The fundamental problem of past solutions regarding settlements with indigenous Peoples has been the “extinguishment and land selection” formula. The extinguishment and land selection formula is premised on indigenous Peoples “ceding, surrendering and giving up” their interests in their traditional territories for small parcels of Indian reserve lands. Typically settler governments have become rich from this lopsided and unbalanced allocation formula while indigenous Peoples have become impoverished. This economically and morally bankrupt principle is at the essence of the existing 1986 Comprehensive Claims Policy of Canada.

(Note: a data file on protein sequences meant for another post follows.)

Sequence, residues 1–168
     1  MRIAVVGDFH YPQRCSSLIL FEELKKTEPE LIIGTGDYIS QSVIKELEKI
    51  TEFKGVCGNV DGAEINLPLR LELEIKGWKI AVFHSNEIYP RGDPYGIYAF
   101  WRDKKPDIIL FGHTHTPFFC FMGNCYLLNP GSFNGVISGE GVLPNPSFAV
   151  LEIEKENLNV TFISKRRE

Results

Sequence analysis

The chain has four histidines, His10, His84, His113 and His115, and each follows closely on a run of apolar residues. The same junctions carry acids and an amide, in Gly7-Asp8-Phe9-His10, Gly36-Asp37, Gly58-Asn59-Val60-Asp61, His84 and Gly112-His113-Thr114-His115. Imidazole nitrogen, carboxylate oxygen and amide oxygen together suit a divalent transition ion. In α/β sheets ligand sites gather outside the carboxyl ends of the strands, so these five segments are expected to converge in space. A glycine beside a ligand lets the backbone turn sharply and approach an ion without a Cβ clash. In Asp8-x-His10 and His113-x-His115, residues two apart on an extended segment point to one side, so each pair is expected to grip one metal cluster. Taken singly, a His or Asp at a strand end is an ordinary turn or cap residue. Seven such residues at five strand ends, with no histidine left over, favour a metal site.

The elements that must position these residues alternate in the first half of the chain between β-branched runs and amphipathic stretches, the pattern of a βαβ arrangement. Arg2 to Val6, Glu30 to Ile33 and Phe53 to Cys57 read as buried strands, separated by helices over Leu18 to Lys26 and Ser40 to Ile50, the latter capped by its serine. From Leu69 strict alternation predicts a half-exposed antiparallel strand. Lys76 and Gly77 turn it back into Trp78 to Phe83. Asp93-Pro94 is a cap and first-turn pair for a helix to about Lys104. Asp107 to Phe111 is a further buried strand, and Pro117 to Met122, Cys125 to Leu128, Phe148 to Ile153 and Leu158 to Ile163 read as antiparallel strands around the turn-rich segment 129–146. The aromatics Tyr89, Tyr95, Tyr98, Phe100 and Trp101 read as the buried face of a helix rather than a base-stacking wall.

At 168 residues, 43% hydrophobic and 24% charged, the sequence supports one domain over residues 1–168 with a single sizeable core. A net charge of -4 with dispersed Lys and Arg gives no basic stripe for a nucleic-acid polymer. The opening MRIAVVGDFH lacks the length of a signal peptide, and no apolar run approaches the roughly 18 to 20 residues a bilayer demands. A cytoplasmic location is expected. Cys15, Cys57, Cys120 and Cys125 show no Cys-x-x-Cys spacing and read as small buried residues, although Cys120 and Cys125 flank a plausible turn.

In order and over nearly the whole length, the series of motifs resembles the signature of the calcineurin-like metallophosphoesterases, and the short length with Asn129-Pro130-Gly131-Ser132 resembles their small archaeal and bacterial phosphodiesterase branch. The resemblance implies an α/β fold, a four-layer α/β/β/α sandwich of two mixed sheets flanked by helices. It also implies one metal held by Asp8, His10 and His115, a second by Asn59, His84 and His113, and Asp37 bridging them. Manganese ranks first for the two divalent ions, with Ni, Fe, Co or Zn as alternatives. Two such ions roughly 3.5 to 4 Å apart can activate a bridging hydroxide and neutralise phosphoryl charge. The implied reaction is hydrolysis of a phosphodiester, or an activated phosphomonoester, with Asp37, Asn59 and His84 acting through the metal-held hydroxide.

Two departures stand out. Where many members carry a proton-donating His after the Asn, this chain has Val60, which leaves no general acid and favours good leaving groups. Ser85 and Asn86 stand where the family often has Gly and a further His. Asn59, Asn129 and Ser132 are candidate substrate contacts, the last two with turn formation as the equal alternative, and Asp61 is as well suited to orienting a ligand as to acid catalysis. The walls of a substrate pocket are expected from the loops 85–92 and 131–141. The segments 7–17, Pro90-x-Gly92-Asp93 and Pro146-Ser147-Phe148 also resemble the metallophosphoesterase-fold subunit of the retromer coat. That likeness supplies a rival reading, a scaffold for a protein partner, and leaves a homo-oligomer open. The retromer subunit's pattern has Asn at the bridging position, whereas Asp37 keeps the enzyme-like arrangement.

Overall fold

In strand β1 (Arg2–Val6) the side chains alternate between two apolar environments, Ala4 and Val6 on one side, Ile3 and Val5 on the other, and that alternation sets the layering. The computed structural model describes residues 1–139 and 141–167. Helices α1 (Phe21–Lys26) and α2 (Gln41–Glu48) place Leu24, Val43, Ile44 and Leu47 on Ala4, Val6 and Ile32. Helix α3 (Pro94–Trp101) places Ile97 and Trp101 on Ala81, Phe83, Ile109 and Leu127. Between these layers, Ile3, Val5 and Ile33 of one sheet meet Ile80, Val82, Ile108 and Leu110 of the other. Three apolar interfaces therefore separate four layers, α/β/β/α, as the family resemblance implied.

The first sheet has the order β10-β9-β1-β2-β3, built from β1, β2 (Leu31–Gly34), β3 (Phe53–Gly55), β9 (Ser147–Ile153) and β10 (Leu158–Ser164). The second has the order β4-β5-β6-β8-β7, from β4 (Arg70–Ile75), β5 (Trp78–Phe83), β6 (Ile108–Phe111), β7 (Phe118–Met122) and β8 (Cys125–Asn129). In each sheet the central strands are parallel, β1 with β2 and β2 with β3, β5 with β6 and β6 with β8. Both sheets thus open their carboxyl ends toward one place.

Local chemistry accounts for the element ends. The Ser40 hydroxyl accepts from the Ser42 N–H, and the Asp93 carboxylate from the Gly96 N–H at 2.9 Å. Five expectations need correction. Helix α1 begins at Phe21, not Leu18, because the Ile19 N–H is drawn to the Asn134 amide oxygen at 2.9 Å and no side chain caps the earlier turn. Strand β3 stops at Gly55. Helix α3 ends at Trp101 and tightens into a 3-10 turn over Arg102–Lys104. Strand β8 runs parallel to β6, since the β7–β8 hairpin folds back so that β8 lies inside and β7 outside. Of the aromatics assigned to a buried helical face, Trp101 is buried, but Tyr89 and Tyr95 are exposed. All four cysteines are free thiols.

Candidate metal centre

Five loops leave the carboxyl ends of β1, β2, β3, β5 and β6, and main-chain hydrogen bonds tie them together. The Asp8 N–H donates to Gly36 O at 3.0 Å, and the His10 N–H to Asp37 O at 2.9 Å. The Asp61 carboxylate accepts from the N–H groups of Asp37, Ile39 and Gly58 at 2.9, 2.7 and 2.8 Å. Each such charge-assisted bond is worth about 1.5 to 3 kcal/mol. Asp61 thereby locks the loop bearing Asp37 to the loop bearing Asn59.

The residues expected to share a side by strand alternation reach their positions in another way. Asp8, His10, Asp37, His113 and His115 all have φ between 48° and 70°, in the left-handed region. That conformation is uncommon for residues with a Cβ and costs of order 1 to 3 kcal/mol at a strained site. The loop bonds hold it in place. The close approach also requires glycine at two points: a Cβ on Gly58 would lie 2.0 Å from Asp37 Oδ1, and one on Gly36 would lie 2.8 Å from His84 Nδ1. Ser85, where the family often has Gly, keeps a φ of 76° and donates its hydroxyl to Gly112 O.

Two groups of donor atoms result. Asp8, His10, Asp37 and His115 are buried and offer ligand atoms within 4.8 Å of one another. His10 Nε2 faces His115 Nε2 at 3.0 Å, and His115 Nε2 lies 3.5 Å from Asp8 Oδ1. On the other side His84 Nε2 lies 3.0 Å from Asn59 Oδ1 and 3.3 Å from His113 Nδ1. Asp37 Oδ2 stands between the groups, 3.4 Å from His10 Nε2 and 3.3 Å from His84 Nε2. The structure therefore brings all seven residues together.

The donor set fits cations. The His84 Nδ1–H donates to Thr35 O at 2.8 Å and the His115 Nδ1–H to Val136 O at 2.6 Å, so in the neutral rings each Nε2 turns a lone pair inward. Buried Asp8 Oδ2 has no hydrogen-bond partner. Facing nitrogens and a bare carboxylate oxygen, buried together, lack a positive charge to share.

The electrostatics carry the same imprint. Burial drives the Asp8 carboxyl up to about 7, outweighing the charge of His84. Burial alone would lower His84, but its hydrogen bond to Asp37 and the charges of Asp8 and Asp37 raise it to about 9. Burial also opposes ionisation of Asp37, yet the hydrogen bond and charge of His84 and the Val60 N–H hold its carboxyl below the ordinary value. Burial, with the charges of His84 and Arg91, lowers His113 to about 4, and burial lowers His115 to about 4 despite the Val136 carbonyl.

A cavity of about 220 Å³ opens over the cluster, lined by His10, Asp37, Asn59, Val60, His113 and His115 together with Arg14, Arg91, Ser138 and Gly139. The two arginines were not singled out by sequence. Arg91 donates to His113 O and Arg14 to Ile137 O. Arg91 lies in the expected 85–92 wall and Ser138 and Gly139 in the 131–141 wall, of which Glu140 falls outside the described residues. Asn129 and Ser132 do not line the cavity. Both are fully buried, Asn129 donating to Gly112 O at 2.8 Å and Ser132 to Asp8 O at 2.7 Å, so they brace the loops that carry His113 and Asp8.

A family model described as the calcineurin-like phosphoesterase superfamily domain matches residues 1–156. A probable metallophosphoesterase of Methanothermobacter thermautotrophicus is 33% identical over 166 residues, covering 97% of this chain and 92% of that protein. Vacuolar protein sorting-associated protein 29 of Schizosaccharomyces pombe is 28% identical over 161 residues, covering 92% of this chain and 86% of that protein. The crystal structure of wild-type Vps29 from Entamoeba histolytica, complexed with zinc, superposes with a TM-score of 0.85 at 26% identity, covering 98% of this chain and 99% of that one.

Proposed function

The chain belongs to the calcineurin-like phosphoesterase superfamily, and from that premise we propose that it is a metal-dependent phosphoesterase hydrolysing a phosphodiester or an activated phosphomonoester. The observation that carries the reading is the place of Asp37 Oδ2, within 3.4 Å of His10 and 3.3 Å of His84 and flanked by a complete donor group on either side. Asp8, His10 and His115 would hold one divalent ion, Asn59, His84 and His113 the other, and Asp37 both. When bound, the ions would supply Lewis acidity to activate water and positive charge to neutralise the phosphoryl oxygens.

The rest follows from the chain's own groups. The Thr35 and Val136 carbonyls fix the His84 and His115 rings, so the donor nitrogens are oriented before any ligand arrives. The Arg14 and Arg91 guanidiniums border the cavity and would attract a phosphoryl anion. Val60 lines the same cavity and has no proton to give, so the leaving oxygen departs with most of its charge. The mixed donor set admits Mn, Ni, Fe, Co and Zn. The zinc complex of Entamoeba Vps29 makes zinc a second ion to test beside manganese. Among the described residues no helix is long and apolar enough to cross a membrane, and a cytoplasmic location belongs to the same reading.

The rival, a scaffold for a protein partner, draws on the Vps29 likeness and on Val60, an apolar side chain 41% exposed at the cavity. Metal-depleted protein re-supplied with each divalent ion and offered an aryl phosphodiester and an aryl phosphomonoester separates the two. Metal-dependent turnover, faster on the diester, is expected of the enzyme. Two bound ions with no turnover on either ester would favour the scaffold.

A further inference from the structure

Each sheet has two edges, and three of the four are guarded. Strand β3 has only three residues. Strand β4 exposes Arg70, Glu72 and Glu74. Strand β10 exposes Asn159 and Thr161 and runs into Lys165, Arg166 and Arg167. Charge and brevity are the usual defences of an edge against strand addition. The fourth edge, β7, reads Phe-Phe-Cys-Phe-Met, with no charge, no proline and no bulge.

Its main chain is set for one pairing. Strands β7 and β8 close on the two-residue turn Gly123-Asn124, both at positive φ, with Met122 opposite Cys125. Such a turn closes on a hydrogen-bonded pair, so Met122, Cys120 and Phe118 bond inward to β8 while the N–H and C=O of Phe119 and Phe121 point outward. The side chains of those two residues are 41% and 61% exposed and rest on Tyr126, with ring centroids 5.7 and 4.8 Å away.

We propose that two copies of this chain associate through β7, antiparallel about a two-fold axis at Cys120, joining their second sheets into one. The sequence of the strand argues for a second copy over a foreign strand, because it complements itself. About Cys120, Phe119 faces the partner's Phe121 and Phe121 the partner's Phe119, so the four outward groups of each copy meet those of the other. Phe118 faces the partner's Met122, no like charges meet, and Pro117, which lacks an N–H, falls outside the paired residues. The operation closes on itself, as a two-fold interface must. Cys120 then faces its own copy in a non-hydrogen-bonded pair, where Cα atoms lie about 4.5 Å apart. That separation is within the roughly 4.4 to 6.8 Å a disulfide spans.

The Constitution of Canada and the judicial decisions of the Supreme Court of Canada do provide an avenue for making “fundamental change” to the 1986 Comprehensive Claims Policy. The Canadian
government however refuses to review and change their existing Policy.

        There is clearly an effort on the part of the Canadian government to narrowly interpret the Constitution of Canada and its Supreme Court of Canada decisions to force indigenous Peoples to struggle for every inch of their land.


        The Supreme Court of Canada in the Delgamuukw decision recognized amongst other things that
Aboriginal title is a collective proprietary interest of my Peoples to our traditional territories. After the Delgamuukw decision was made in December 1997 we expected the federal government to change